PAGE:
Share in the comments below or directly on DiabetesTeam.

Posted on September 11, 2019

A DiabetesTeam Member

So true it really takes a lot of discipline and perseverance, it can be applied. It's really up the individual to not get distracted and overcome these challenges. 🤗

posted February 17, 2023
All updates must be accompanied by text or a picture.

We'd love to hear from you! Please share your name and email to post and read comments.

You'll also get the latest articles directly to your inbox.

This site is protected by reCAPTCHA and the Google Privacy Policy and Terms of Service apply.
All updates must be accompanied by text or a picture.

Subscribe now to ask your question, get answers, and stay up to date on the latest articles.

Get updates directly to your inbox.

This site is protected by reCAPTCHA and the Google Privacy Policy and Terms of Service apply.

Related Articles

If you have type 2 diabetes and are pregnant or planning to become pregnant, it's important to be...

6 Facts About Type 2 Diabetes and Pregnancy

If you have type 2 diabetes and are pregnant or planning to become pregnant, it's important to be...
In a recent survey of DiabetesTeam members, respondents discussed the impact diabetes can have on...

Survey: 64 Percent of DiabetesTeam Members Say Diabetes Interferes With Quality of Life

In a recent survey of DiabetesTeam members, respondents discussed the impact diabetes can have on...
Managing hunger when you have diabetes can feel like walking a tightrope. On the one hand, you wa...

Diabetes Hunger: 3 Ways To Manage

Managing hunger when you have diabetes can feel like walking a tightrope. On the one hand, you wa...
Pizza is a favorite meal for young and old alike. Whether it’s a birthday party or the end of a l...

Eating Pizza With Diabetes: 5 Tips

Pizza is a favorite meal for young and old alike. Whether it’s a birthday party or the end of a l...
Living with type 2 diabetes requires you to carefully consider the products you consume, includin...

Cough Medicine and Diabetes: 5 Things To Look For

Living with type 2 diabetes requires you to carefully consider the products you consume, includin...
Have you ever considered donating your blood to a local blood bank? It’s like giving the gift of ...

Can You Donate Blood or Plasma if You Have Diabetes?

Have you ever considered donating your blood to a local blood bank? It’s like giving the gift of ...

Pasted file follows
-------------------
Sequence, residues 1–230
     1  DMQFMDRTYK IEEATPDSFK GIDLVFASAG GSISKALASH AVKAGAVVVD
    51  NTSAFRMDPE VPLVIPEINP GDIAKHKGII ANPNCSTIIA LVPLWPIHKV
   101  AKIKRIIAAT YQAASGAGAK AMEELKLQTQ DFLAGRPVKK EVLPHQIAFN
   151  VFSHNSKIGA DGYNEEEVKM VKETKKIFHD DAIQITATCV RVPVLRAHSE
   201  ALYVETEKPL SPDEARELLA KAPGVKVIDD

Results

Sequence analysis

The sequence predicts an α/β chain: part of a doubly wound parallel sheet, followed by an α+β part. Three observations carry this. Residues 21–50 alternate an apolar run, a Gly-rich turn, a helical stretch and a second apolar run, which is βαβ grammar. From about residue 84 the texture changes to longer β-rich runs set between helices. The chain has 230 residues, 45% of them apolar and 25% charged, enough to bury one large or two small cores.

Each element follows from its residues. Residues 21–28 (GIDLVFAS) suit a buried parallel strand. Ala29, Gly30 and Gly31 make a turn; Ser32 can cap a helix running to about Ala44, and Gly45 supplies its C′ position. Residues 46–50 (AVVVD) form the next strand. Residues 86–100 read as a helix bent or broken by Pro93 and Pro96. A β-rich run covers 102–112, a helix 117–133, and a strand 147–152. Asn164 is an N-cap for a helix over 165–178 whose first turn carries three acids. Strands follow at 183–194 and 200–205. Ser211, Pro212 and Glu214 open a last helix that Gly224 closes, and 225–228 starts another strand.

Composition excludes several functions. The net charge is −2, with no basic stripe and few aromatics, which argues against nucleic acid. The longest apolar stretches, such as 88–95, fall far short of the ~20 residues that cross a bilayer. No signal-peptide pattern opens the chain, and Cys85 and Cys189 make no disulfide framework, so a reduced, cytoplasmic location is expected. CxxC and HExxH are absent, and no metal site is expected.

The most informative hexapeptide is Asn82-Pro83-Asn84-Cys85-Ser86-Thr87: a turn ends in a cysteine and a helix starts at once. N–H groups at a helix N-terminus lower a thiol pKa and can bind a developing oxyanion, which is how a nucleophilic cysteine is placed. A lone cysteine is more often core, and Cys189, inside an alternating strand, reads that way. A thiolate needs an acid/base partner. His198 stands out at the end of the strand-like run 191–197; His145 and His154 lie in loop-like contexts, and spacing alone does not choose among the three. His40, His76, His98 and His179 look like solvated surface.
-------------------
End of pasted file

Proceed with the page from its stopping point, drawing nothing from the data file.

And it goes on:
Recent Articles

When you’re living with diabetes, you may also experience other medical conditions. For example, ...

Can Type 2 Diabetes Cause Fatty Liver Disease or MASLD?

When you’re living with diabetes, you may also experience other medical conditions. For example, ...
Diabetes can affect your eyes and vision in a few different ways. Two of these conditions — diabe...

Eye Injections for Diabetes Eye Problems: 8 Facts To Know

Diabetes can affect your eyes and vision in a few different ways. Two of these conditions — diabe...
On DiabetesTeam, members frequently discuss eye symptoms like blurry vision and dry eyes. Sometim...

How Does Vision Change as Diabetic Macular Edema Progresses?

On DiabetesTeam, members frequently discuss eye symptoms like blurry vision and dry eyes. Sometim...
MyHealthTeam does not provide health services, and if you need help, we’d strongly encourage you ...

Crisis Resources

MyHealthTeam does not provide health services, and if you need help, we’d strongly encourage you ...
Welcome to DiabetesTeam — the place to connect with others living with diabetes. This video will...

Getting Started on DiabetesTeam (VIDEO)

Welcome to DiabetesTeam — the place to connect with others living with diabetes. This video will...
Diabetic macular edema (DME) can be categorized as center-involved or non-center-involvedCenter-i...

Center-Involved Diabetic Macular Edema vs. Non-Center-Involved: Differences and Management

Diabetic macular edema (DME) can be categorized as center-involved or non-center-involvedCenter-i...
DiabetesTeam My diabetes Team

Thank you for subscribing!

Become a member to get even more:

sign up for free

close